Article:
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Russia Admits Violation In Ukraine Base Incident

The July 21 incident with the Russian fleet in Crimea added to existing bilateral tensions.

The July 21 incident with the Russian fleet in Crimea added to existing bilateral tensions.

MOSCOW (Reuters) -- Russia has made a rare admission that it had violated Ukrainian law by trying to transport cruise missiles outside its Black Sea naval base of Sevastopol, Russian news agency RIA reported.

Earlier this month, Ukrainian police blocked a convoy of Russian trucks from leaving the base to transport missiles through the Ukrainian city, adding to tensions between the two ex-Soviet states.

"We acknowledged there were violations of basic agreements on basing the Russian Black Sea fleet in Sevastopol," RIA quoted Russian navy commander Admiral Vladimir Vysotsky as saying on July 26.

"We believe those were serious violations," he said. "Those responsible will be punished, quite heavily at that."

Vysotsky, who was in Sevastopol to mark Russia's annual Navy Day, said the paperwork dealing with the convoy had not been not done properly.

Moscow leases a base for its Black Sea Fleet in Sevastopol, a port in the Crimea peninsula populated mainly by ethnic Russians. The status of the base has been a thorn in relations between Moscow and Kiev since Ukraine's independence in 1991.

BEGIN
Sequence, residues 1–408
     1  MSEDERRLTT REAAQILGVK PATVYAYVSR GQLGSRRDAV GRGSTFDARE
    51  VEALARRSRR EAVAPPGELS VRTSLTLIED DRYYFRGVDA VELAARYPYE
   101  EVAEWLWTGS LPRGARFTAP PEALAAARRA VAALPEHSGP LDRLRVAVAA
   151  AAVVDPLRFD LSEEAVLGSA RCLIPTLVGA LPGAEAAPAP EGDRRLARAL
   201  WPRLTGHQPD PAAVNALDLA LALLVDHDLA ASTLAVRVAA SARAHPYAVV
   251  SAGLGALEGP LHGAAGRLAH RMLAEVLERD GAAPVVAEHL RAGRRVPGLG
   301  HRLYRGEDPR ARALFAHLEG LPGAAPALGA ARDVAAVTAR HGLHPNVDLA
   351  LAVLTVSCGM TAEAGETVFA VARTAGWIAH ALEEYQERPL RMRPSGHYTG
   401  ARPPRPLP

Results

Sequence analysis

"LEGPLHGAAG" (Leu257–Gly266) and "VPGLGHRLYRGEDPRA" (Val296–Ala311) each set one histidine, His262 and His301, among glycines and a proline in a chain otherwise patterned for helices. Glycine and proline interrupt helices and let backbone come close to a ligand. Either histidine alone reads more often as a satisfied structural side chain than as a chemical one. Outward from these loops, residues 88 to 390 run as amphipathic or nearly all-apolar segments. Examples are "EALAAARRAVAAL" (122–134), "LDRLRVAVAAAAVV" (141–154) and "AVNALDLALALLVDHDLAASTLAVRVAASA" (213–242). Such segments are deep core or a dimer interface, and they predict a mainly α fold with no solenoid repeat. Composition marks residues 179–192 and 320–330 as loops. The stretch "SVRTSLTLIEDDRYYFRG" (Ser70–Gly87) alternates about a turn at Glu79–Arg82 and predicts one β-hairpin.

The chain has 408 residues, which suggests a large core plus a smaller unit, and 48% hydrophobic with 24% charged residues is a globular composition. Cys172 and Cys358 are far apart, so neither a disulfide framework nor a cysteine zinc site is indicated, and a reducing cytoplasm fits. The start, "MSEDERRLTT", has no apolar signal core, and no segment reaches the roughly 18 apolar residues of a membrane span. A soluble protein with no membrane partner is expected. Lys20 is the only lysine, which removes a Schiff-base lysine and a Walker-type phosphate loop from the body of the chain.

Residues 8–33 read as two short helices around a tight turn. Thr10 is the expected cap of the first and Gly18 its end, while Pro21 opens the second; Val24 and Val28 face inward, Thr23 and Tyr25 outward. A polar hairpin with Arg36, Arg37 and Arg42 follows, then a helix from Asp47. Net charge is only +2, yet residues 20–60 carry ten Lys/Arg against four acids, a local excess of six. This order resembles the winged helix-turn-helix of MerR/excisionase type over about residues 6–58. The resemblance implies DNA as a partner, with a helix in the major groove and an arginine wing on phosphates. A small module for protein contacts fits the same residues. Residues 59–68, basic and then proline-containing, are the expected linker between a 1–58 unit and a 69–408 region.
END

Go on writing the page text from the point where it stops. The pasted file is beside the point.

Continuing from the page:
Ukraine, which has committed itself to closer ties with the West and whose president, Viktor Yushchenko, is pressing for NATO membership, wants Russia to close the base in 2017 as stipulated by existing agreements.

Russia sees NATO expansion up to its borders as a threat to its security and was troubled by joint Ukrainian-NATO naval exercises last July in the Black Sea.

Tensions hit a peak the following month, when Russia sent warships from the base to Georgia during its five-day war with the Caucasus state. Yushchenko backed Georgia in the conflict.

The two sides have traded accusations over a series of incidents concerning the base and in the past have been reluctant to acknowledge any guilt.

Relations are also marred by disputes over Russia's gas supply to Ukraine and its transit to Europe.